Folks seem to have lost their minds a little bit over the 32-gigabyte Nexus 7 — which remains unannounced, though Staples (always them, right?) apparently has no qualms about selling them early. So in the spirit of utter ridiculousness, here's some breakslclusive hands-on in-the-wild first-look oh-my-god-it's-full-of-stars video of the 32-gigabyte Nexus 7, courtesy of John1029 in our forums.
As should surprise no one, it's a Nexus 7. With 32 gigabytes of storage. (Actually, more like 27.5.) And that's it. It's running Android 4.1.1 out of the box, which also should surprise no one, since Android 4.1.2 just pushed over air, and these would devices would have been flashed before then. No big deal. At all. In fact, it's not even a deal. It's a non-deal.
Still, this is a decent enough walkthrough, and all snark aside, it's great to see our readers get the. Hit the break for the full video.
Source: Nexus 7 forums
Entry level is the name of the game for the LG Optimus L9 on T-Mobile. We knew that, of course, from T-Mobile and LG's positioning of the Ice Cream Sandwich smartphone, as well as from the specs on paper. Let's recap:
Nothing the spec-conscious crowd will write home about, no? But here's the thing: It's a surprisingly solid entry-level device. You can't quite appreciate just how light it is until you grab it.
In the hand, though, the L9's a ridiculously light device. It's decidedly plastic, but it's a soft plastic. (Kind of like a dry heat, I suppose.) The user interface seemed quick enough, though the device is loaded down in T-Mobile and LG applications. This is a buy-and-drive device, designed to be used out of the box, for folks who don't want to do a whole lot of customization.
The good news is that it's got a removable battery and microSD card. The power plant is respectable, but the four gigabytes of built-in storage most certainly isn't.
We've got a bevy of pics and video after the break.
In spite of all the hype surrounding a certain competitor, the HTC One X was a very strong entrant in the high-end smartphone space earlier in the year. Many of our editors own it. If you’re reading this, there’s an above-average chance you do, too. Though lacking in mindshare compared to the Galaxy S3, the One X remains a formidable smartphone, even besting Samsung’s flagship in many areas.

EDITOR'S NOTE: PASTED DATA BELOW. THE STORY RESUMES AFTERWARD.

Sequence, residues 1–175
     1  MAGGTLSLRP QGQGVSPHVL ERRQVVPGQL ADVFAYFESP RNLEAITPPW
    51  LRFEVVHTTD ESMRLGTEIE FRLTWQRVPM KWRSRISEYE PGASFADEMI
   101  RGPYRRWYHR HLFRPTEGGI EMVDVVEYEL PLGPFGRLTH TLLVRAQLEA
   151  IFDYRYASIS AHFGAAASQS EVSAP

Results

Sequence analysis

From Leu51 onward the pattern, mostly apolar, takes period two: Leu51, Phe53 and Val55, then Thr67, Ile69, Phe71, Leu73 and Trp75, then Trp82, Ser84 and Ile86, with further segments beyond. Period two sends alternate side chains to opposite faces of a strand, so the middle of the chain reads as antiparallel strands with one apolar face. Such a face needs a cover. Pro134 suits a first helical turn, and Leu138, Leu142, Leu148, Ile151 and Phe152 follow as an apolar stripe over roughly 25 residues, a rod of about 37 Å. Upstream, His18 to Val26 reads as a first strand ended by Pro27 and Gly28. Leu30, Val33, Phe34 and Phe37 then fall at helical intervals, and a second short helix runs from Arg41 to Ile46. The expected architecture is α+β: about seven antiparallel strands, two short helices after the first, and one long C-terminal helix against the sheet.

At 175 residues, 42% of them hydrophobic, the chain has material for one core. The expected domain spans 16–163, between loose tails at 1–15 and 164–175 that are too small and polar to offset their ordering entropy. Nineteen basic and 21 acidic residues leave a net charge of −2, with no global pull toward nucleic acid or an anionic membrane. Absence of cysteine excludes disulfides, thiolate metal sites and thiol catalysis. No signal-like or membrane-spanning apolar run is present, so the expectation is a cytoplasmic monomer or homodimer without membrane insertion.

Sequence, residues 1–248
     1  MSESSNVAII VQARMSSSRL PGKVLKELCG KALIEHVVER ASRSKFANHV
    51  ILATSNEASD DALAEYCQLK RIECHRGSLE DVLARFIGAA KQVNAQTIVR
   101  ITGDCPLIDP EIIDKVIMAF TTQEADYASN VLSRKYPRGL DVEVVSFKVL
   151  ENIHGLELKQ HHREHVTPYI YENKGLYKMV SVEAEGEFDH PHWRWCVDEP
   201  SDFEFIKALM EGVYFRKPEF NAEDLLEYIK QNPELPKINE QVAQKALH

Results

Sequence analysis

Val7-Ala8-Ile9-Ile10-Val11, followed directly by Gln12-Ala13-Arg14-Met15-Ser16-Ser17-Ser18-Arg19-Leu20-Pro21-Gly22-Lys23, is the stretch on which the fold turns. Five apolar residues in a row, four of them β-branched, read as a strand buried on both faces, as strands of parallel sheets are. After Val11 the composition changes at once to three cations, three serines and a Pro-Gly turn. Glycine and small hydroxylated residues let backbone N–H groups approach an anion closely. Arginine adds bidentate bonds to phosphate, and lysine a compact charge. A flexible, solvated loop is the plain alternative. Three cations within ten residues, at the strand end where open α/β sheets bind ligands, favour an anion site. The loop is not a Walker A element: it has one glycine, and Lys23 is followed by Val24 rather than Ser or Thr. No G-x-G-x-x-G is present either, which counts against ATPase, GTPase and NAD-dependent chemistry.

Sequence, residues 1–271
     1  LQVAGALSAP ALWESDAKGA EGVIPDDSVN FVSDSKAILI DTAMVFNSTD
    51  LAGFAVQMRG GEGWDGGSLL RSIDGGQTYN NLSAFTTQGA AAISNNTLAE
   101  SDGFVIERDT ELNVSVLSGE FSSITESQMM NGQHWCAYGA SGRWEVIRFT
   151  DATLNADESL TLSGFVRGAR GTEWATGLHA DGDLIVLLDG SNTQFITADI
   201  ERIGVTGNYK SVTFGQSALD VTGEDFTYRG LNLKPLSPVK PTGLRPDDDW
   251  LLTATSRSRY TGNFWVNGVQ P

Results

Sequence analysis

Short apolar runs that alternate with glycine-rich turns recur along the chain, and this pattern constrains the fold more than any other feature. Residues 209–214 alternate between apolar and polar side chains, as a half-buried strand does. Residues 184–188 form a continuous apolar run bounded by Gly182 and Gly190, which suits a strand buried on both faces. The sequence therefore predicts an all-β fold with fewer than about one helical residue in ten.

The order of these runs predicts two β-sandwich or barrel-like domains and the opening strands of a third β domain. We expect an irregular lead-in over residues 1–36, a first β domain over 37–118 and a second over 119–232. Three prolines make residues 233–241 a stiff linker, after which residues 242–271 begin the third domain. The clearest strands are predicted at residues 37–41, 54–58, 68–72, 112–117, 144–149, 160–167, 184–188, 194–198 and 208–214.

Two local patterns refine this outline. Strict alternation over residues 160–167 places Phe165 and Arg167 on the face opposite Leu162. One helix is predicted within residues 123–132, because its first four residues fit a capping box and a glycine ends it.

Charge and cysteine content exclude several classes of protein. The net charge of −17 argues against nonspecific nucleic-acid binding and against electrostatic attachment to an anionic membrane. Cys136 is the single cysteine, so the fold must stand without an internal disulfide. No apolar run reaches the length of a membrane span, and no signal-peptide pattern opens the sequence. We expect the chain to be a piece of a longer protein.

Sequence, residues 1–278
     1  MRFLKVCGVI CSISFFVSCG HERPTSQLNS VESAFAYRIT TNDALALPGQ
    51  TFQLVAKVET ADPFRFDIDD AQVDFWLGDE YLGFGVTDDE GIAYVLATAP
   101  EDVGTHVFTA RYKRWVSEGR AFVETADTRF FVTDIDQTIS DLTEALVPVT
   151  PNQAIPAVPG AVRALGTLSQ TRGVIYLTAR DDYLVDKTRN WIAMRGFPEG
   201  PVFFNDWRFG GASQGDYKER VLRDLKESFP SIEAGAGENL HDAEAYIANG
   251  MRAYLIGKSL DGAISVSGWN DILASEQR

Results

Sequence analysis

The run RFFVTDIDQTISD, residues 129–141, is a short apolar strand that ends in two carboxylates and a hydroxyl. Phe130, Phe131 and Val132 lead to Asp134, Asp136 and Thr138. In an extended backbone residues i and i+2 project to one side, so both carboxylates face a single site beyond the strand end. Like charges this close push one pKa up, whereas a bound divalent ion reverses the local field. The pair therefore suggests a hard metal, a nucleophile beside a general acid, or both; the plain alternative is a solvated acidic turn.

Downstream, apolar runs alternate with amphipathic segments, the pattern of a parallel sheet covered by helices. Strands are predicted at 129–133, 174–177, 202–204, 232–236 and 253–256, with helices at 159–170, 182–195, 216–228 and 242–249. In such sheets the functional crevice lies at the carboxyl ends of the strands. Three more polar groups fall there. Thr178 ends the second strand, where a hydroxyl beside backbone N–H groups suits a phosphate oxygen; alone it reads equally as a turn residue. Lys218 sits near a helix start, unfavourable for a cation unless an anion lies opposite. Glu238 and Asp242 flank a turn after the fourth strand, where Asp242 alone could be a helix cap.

But as the year draws to a close, it’s time for a successor, as part of HTC’s annual fall product refresh. Last year the Sensation XE built upon the strengths of the Sensation, with a larger battery, a faster CPU and enhanced software. And later this month, the One X will undergo similar augmentation, with the resulting device coming to market as the HTC One X+. Read on for an extensive preview of HTC’s flagship international Android smartphone for late 2012.
With the Samsung Galaxy Note 2 hitting the select retail stores imminently, it's time for us to go hands-on with the finished product. We first tested out the Galaxy Note 2 at IFA in Berlin in late August, and it's taken just over a month to finalize the device. The original Samsung Galaxy Note has proved a surprising success over the past year. With the second-gen Note being bigger and more powerful than ever, Samsung will be hoping its efforts are reflected in even stronger sales this time around.
Check out our first hands-on video with the final, retail Galaxy Note 2 after the break, along with a quick overview of the device.
We're live in London where Motorola and Intel have just taken the wraps off the RAZR i, a new Intel-powered smartphone with a 2GHz Atom CPU and edge-to-edge SuperAMOLED display. It's a big deal for Moto and Intel — the RAZR i becomes the company's new international flagship, and it's also the first Intel phone from a top-tier smartphone manufacturer.
We've just had our first hands-on with the phone, so check past the break to get a quick tour of Moto and Intel's new baby.